Interesting Facts About the Seahorse
These curious creatures are adapted to life in a unique fashion, with an interesting body shape that simply can’t be replicated in any other fish species. This division from the norm gives them a number of noteworthy traits.
A Horse Only in Appearance – Seahorses’ heads look like horses’ heads, and that is about where the similarities end. Horses are athletic, and well adapted to swift travel across land. Seahorses do not hold the same adaption in the sea, in fact they are very poor swimmers. Instead, they rely upon their prehensile tails to keep them from being swept away.
Baby Daddy – Seahorses are the only known animals in which the male carries the unborn offspring. The female deposits the fertilized eggs inside the male seahorse’s pouch, and the male fertilizes the eggs. The eggs remain in Dad’s pouch until they hatch, and he will give birth to fully formed, miniature seahorses.
Monogamous Men – Some species of seahorses are known to mate for life, or at least maintain the same mating pair throughout the entire breeding season. This trait is extremely rare in fish, and though not all seahorse species are monogamous, it is incredibly unique in the groups that engage in this breeding practice.
Within Striking Range – It is believed that seahorses’ unique head shape is essential in ambushing the tiny zooplankton they hunt. The seahorse hunts by slowly stalking its miniature prey, before quickly snapping its head to the side, and sucking it up.
Seahorses prefer shallow, protected waters. Seas with heavy currents or tides can sweep these tiny creatures away, so they tend to inhabit calm waters. Seahorses can frequently be found in seagrass beds, coral reefs, estuaries, and mangroves. They live in tropical and temperate oceans across the world.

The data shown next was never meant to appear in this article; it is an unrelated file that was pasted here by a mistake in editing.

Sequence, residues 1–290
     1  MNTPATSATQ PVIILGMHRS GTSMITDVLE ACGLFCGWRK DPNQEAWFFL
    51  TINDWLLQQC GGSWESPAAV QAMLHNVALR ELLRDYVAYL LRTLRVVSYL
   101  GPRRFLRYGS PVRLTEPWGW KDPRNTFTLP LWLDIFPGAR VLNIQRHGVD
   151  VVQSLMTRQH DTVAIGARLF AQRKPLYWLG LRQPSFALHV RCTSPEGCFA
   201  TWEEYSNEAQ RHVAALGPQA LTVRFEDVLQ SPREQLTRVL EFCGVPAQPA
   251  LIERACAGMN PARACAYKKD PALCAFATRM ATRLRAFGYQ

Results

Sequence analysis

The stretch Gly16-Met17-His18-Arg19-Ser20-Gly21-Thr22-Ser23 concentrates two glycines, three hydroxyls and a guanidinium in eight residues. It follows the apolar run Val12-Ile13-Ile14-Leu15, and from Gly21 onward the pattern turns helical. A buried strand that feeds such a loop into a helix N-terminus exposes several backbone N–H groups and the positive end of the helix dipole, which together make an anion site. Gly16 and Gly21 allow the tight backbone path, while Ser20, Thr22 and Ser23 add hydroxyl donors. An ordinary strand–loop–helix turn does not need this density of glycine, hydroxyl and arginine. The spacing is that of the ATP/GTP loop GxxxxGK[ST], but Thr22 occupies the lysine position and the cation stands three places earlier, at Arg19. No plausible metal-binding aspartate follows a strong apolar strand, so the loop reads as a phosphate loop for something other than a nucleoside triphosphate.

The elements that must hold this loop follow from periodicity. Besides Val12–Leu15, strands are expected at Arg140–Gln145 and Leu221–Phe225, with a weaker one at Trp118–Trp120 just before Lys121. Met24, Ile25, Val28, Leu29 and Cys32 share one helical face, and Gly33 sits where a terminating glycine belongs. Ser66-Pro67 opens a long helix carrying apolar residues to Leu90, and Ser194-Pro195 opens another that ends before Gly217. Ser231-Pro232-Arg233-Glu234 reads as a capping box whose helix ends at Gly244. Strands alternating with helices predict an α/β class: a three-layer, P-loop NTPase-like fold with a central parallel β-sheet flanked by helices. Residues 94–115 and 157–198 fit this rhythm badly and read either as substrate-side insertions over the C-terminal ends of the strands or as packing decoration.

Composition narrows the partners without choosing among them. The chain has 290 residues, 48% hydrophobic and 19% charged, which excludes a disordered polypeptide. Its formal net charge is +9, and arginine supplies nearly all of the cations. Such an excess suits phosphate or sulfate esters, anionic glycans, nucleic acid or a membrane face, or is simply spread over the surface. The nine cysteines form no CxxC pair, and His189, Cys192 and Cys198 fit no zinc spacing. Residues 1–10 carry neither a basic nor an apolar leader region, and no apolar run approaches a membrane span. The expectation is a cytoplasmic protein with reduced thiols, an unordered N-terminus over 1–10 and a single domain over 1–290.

Habitat of the Seahorse
There are 54 known species of seahorse, and these species can be found across the world. In the Pacific Ocean, they can be found from the coast of the North America, to the coast of South America. In the Atlantic Ocean, they can be found from the coast of Canada, to South America. Some species have been found off the coasts of Europe, and in the Mediterranean Sea.
Diet of the Seahorse
Seahorses hunt small crustaceans, and mysid shrimp are their most common prey. They have also been known to eat small invertebrates and fish larvae. They employ a hunting method called pivot feeding, in which they creep up on prey and quickly turn their heads to suck them up.
Seahorse and Human Interaction
Humans pose a direct threat to seahorse survival, and we lack the research to determine accurate rates of population decline. These sea animals are frequently victims of bycatch from other fishing industries. They are also being directly impacted by the loss of seagrasses and corals, caused by pollution and ocean acidification.
Seahorses are also wild-caught for hobby aquarists, despite their low survivability. Captive-bred individuals are much more likely to survive than those stressed by capture and transport. These fish are also frequently captured for use in traditional Chinese medicine.
Seahorses have not been domesticated, but some species have been successfully bred in aquariums.
Seahorses are particularly difficult to care for, and can become sick or die when exposed to slight variations from their natural environment. They need specific temperature, water flow, salinity, light, pH, ammonia, and nitrite levels to survive.
Behaviour of the Seahorse
Seahorses bred in aquariums can make good pets, but only to the experienced aquarist. Maintaining a saltwater aquarium is costly and time consuming. They cannot be handled in any way, and are strictly decorative as a pet.
Seahorses spend much of their time hunting. They cruise slowly through the water searching for small crustaceans, employing built-in camouflage. They can change color readily, which is useful for blending in with their environment. They also change color while searching for a mate. During the breeding season, seahorses perform courtship dances to find suitable partners.